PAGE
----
TYSON WHITNEY PHOTOS A North Island Secondary School student delivers a letter to Principal Jay Dixon, requesting it be sent to Prime Minister Justin Trudeau and Premier John Horgan.

VIDEO: Port McNeill students walk out in fish farm protest

“People keep talking about fighting for our future. We are actually going to fight for it.”

Roughly 20 North Island Secondary School (NISS) students in Port McNeill peacefully walked out of class today in a show of solidarity with the ‘Namgis and Musgamagw Dzawada’enuxw fish farm occupations at Midsummer Island and Swanson Island in the Broughton Archipelago.

“People keep talking about fighting for our future. We are actually going to fight for it. We are the future. Wild salmon are our future,” said Gwantilakw Cranmer, a grade twelve student, via press release.

Ernest Alfred, who’s been occupying Swanson Island since late August, stated in an interview with the Gazette he is excited that the students “are taking it upon themselves to protest peacefully — they’ve signed a letter that they want delivered to the Prime Minister and Premier John Horgan.”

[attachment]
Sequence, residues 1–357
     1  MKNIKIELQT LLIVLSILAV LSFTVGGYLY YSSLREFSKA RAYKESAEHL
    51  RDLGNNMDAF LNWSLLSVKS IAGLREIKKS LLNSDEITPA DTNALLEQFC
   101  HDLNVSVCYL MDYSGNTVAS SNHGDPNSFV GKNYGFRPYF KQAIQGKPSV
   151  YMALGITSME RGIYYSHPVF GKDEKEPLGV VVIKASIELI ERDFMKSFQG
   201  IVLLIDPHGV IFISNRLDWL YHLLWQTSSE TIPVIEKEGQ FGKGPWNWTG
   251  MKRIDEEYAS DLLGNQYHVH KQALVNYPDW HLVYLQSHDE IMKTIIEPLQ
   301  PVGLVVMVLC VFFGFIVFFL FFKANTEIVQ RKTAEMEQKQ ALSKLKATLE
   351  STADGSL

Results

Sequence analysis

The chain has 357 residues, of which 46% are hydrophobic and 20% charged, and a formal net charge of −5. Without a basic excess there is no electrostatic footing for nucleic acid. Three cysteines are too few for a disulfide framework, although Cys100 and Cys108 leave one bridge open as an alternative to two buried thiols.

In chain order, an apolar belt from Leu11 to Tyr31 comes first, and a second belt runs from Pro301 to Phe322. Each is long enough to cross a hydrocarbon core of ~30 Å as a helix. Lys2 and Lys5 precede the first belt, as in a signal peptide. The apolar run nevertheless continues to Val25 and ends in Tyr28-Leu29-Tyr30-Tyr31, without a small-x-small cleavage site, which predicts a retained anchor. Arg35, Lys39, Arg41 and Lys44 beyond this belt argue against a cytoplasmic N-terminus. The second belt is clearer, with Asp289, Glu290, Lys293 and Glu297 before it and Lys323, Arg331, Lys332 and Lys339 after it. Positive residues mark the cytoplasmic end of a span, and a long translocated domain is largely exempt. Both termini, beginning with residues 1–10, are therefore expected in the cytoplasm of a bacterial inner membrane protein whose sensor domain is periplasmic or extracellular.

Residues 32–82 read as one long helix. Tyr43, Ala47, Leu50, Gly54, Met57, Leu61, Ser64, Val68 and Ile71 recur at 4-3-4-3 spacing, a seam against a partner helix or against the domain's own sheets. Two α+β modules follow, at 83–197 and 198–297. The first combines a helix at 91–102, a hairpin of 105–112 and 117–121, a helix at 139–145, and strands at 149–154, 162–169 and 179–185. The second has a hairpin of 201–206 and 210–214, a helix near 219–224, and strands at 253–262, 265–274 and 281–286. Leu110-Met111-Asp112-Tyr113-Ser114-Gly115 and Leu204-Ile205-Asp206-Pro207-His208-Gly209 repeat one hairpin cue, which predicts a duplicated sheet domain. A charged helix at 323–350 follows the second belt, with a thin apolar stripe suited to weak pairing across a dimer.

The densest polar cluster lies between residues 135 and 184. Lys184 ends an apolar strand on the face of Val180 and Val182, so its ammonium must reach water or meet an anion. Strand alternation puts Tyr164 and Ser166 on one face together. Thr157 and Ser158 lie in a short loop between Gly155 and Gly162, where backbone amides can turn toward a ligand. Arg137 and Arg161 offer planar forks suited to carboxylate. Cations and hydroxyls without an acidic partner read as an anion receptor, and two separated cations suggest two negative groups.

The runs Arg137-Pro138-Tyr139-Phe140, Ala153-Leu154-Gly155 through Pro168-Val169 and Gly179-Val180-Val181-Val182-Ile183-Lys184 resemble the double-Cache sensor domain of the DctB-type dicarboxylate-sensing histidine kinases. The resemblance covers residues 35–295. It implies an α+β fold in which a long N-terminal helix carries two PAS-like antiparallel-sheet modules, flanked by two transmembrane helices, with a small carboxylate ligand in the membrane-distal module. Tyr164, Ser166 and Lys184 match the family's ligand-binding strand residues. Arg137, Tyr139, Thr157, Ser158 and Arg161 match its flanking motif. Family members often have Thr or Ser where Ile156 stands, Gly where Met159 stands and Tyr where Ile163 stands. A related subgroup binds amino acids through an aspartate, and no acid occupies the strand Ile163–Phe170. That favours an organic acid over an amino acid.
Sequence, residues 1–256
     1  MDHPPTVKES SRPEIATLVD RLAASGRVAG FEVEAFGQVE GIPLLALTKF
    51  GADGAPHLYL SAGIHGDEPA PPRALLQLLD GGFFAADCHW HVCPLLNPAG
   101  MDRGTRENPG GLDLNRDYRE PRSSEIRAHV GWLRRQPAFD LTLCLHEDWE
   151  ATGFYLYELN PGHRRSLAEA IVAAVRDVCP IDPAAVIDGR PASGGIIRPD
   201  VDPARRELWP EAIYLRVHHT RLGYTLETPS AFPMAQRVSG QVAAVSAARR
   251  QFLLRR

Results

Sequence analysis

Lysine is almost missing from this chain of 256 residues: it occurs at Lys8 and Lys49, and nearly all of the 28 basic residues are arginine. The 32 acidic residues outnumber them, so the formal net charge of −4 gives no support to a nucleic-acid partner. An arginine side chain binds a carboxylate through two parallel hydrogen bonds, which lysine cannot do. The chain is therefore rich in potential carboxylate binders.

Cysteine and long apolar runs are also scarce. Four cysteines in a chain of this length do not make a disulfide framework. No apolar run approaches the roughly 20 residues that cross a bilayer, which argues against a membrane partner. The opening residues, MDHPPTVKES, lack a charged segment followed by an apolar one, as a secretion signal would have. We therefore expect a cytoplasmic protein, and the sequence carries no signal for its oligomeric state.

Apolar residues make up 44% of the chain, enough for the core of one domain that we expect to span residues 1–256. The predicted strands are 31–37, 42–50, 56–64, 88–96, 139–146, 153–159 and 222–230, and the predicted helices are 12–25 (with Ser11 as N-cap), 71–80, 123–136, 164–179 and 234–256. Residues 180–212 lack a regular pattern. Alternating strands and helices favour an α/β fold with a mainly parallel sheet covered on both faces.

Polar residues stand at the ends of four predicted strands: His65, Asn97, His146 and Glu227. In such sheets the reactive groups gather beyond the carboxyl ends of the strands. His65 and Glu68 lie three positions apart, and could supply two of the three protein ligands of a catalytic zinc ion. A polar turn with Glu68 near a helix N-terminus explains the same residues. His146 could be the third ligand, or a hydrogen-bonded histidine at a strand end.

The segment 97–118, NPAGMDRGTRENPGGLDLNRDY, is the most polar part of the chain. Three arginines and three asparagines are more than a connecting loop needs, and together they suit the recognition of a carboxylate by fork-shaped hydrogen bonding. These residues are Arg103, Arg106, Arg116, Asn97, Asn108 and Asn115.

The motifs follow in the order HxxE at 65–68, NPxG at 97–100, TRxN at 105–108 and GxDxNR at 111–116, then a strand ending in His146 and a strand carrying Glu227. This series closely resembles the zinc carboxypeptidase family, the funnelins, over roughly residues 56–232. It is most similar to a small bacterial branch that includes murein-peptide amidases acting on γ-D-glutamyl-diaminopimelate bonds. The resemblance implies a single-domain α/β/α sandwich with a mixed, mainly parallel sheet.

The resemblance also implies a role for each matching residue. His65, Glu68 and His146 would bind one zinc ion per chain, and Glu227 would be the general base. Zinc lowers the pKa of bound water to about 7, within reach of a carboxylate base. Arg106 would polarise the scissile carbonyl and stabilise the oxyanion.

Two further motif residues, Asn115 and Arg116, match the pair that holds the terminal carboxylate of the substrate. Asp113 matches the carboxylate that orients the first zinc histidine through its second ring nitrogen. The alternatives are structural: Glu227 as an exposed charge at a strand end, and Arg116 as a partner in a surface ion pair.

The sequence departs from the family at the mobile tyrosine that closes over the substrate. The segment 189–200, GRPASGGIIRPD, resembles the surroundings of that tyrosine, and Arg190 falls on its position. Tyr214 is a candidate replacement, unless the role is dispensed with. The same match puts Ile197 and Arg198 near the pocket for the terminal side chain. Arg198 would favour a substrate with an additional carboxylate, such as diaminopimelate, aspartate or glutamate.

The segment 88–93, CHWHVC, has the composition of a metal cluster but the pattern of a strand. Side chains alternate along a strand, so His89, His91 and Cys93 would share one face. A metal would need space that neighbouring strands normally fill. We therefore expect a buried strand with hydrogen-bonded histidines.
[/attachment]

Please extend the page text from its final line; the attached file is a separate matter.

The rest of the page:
After leaving class at 10:00 a.m., a student read the letter the group had signed to NISS Principal Jay Dixon and then handed it to him.

Dixon thanked the students for sharing their beliefs through the protest, and he stated if there were any more students who wanted to sign their names to the letter, “then deliver it to me and I will pass it on.”

The students marched through the rain with their signs held high to the Alert Bay ferry terminal, traveling over to Swanson Island afterwards.

The students called the action “Walk Out For Wild Salmon”.

“Why would anyone do something to hurt our wild salmon? Why is the government taking so long to protect our future? It should be simple. Just tell the fish farms to go away,” wrote Gwimolas Cranmer, a grade eight student.

The student’s press release stated the fish farms at Swanson Island, Midsummer Island, and Port Elizabeth are operated by the Norwegian company Marine Harvest, and have been occupied by hereditary leaders and community members of the ‘Namgis and Musgamagw Dzawada’enuxw since Aug. 24.

Premier John Horgan and a number of Provincial Cabinet Ministers travelled to Alert Bay on Oct. 10 to attend a meeting with eight united First Nations, including over forty hereditary chiefs, who are allied against the fish farm operations.

RELATED: Tensions build between RCMP and First Nations

RELATED: Premier John Horgan talks fish farms in Alert Bay

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